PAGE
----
Keeping The Faith with Saints’ TE Benjamin Watson

I recently had the opportunity to speak with veteran tight end Benjamin Watson. While he currently plays for the New Orleans Saints, Watson started his football career at the University of Georgia, “Go Dawgs!”

Benjamin Watson became a first-round draft pick for the New England Patriots in 2004. His first season there, he injured his ACL. The Patriots went to the Super Bowl that season and frustratingly, Watson was unable to play in the game. Afterwards, “I didn’t really celebrate (the Super Bowl win). I went to the Super Bowl party, but I was a rookie when I won the Super Bowl. It was all new to me. I’m celebrating (the win) now more than then, appreciating I was part of that team. I was the new guy, wanted to play well, wanted everyone to be proud of me, tore my ACL, and couldn’t even play in the game. When you’re injured you kinda feel like you’re not a part of the whole team, the train keeps moving in the NFL. You are still part of the team, but with the tremendous amount of pressure you put on yourself you don’t feel like you’re doing your part. Beautiful ring, great accomplishment, I didn’t even want to wear it.”

In addition to playing football, Watson and his wife established One More, a nonprofit organization designed to “spread the love and hope of Christ to one more soul,” in 2008. Watson says he hopes the organization will be a part of his legacy, and something that will help teach his children the importance of serving others. “Part of our mission as parents is to instill the message of giving in our children. Spreading the love of Christ – the (name of the foundation refers to) one more soul – we can always do something for one more person. It grows exponentially. That’s how you effect big change in a community or city or state, one person at a time. Then that person does one more thing for someone else, and so on.” The charity achieves its goal by first addressing physical needs and offering enrichment opportunities, such as scholarships, youth football camps and support for other charities. “I don’t particularly like that term “giving back,” Watson explained, when I asked him what drives him to devote as much time as he does to doing so. “I feel like we’ve been given a lot by god and it’s our opportunity to give to other people. The term give back to me is like giving back what someone else has given us.You give back to someone that could never help you or you don’t even know, and that’s what we are called to do.” Christ, faith and family play a big role in Watson’s life. One More has an event “on the horizon where we will have Saints teammates who are believers come and do a question & answer session sharing about faith, family and football. We did this a couple times in Cleveland and called it Go Deep…we get some guys, feed people, have a festive atmosphere and people are able to ask guys questions like when did you start playing, what do you do in your off time…things more important than football, like faith and family.”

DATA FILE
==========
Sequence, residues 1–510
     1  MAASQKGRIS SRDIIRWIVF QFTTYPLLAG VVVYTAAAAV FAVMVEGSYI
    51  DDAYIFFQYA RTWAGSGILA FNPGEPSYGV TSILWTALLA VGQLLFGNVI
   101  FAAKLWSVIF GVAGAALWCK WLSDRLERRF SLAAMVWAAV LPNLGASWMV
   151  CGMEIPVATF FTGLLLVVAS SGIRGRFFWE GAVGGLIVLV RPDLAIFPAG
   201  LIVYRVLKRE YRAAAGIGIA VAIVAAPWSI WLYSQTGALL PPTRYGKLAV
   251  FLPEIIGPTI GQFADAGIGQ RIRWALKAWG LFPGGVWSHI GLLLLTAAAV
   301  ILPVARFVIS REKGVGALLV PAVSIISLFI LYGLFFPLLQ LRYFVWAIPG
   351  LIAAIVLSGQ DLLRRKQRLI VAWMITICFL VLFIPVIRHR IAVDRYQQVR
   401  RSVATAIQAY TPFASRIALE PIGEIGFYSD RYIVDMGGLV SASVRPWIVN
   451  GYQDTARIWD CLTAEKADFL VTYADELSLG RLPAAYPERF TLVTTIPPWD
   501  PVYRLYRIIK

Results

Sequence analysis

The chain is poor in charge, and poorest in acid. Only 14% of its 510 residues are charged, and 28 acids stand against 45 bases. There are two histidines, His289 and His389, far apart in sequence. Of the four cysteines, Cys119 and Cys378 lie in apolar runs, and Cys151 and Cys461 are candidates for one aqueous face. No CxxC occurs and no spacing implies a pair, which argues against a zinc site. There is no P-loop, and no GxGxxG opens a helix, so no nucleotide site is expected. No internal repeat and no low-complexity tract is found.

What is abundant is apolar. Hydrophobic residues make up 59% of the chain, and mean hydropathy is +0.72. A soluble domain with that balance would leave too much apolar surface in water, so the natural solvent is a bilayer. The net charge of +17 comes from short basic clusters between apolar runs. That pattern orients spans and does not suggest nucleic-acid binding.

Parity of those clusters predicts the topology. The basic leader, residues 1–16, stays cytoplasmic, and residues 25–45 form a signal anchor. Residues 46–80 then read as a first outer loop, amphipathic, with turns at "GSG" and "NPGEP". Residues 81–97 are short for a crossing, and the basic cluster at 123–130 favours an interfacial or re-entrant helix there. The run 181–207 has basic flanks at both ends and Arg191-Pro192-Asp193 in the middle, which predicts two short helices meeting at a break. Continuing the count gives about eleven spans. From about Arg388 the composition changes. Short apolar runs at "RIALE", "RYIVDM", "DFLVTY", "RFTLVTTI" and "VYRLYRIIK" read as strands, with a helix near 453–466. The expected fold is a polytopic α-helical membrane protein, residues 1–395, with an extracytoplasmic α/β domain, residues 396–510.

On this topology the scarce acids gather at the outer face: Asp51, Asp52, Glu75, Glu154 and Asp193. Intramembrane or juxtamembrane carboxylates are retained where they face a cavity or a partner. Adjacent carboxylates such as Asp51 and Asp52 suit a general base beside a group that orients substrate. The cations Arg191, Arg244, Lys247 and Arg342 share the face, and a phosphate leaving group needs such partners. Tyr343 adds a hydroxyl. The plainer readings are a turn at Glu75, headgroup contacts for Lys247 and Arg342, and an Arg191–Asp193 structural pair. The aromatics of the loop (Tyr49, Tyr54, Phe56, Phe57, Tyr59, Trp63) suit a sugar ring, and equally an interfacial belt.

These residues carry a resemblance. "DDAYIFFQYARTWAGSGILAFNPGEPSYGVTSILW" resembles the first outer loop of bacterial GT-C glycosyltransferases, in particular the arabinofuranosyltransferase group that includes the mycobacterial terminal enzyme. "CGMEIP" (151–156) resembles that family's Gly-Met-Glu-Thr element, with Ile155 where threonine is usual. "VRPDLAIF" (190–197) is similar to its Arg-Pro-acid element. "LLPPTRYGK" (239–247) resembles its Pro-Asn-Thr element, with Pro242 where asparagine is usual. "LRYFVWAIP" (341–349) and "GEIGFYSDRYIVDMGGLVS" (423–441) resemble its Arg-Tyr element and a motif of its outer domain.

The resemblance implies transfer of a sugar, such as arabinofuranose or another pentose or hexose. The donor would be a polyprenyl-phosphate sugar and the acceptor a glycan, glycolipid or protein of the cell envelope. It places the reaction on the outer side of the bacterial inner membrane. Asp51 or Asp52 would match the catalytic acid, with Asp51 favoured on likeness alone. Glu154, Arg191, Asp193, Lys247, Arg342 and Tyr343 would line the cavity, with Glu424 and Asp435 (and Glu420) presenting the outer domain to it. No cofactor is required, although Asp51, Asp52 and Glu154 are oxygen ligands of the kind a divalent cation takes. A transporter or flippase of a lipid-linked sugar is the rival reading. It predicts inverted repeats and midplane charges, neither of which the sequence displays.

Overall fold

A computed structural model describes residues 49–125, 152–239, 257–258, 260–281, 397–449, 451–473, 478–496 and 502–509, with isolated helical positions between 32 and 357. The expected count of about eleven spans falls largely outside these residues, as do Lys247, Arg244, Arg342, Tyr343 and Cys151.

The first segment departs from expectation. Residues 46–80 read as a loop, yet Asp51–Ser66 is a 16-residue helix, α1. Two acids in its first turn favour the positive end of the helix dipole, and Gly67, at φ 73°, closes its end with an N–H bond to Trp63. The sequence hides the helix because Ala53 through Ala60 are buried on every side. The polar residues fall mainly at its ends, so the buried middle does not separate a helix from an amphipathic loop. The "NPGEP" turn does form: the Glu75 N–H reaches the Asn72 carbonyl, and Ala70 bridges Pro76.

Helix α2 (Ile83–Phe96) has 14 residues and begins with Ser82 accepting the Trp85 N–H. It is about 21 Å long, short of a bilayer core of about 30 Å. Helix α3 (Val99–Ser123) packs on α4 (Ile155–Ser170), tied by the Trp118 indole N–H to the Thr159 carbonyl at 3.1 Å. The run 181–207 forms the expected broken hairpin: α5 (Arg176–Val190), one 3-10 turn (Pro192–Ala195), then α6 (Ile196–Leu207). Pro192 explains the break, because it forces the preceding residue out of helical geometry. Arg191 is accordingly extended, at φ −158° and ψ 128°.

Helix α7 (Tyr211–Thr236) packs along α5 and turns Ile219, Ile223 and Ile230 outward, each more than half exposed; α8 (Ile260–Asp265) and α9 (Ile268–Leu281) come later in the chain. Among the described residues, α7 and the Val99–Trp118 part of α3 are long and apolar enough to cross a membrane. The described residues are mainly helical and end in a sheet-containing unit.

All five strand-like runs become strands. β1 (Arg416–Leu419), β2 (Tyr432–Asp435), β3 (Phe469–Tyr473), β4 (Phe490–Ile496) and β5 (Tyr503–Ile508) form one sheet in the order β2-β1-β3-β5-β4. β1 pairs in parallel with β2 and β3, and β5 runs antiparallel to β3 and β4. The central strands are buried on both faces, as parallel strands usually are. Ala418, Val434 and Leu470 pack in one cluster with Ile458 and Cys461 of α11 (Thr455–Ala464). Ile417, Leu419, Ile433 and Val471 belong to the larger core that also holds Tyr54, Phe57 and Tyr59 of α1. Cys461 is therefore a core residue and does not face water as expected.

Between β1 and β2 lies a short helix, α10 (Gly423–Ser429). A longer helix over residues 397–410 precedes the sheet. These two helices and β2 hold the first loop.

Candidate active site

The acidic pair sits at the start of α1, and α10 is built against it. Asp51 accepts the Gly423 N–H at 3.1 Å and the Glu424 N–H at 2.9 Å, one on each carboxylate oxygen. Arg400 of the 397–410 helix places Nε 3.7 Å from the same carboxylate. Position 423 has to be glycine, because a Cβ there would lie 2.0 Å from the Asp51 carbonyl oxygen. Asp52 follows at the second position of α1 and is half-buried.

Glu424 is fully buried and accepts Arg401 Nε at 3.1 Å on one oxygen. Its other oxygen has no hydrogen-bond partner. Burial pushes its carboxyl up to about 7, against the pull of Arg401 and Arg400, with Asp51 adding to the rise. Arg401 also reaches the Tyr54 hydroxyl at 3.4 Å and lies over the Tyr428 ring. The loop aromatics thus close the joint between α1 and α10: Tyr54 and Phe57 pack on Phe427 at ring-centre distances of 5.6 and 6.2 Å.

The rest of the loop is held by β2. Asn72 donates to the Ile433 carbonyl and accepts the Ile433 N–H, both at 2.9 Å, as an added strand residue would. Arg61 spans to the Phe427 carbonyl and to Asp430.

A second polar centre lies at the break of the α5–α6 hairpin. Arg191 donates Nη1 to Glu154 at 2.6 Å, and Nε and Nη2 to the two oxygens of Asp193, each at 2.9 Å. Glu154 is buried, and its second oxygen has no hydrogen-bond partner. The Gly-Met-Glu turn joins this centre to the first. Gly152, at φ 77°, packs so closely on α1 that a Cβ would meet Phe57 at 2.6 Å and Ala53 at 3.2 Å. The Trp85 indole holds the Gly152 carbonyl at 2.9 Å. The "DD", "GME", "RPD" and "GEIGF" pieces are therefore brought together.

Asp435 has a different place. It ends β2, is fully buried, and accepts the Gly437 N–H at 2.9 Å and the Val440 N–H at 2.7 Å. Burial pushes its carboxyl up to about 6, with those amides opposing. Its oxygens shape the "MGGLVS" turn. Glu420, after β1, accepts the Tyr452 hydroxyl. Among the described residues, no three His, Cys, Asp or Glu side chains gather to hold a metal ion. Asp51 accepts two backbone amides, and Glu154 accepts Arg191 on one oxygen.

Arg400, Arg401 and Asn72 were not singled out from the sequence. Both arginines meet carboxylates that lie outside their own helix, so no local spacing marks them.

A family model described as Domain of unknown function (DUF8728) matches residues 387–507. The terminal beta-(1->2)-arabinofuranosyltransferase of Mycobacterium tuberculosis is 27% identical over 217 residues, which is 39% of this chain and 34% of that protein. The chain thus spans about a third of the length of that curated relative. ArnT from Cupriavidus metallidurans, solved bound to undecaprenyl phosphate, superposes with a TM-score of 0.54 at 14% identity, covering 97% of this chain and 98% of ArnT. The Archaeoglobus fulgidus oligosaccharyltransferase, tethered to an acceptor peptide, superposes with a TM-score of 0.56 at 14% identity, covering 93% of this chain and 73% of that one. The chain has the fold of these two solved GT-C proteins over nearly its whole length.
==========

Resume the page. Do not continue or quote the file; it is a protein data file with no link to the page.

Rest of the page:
I asked Benjamin about his role models, both on and off the field. “On the field – my dad, he played too, I never saw him play but he’s the reason I love football so much…he was always in shape, had the big arms, I looked up to him as a mountain of a man physically and spiritually. He’s my inspiration. He’s who I want to be like.” Watson talks more about his father later in our conversation, “My father was a great role model and when you’re a kid you don’t see your parents downfalls and you place this halo of sorts around your parents…it makes you feel like the way they are is unattainable for you, or that you’re less than and can never live up to their standards. I put them on this pedestal – I felt like I could never be as good a man as he was. It wasn’t until later in life that I realized he’s a man like me, he makes mistakes.”

Watson’s younger brother Asa signed with the Patriots this year, after being a free agent, and was recently picked up by the Dallas Cowboys. Any advice for him? “I told him to give himself grace, practical things. He started out differently than I did, he came in as a free agent. It doesn’t matter how you get in if you get in and you perform you get a chance. That’s the great thing about the NFL – most guys will play, sometimes it just takes a little more time. I told him to do his very best in everything. That’s what our parents told us. I told him that I’m proud of him.”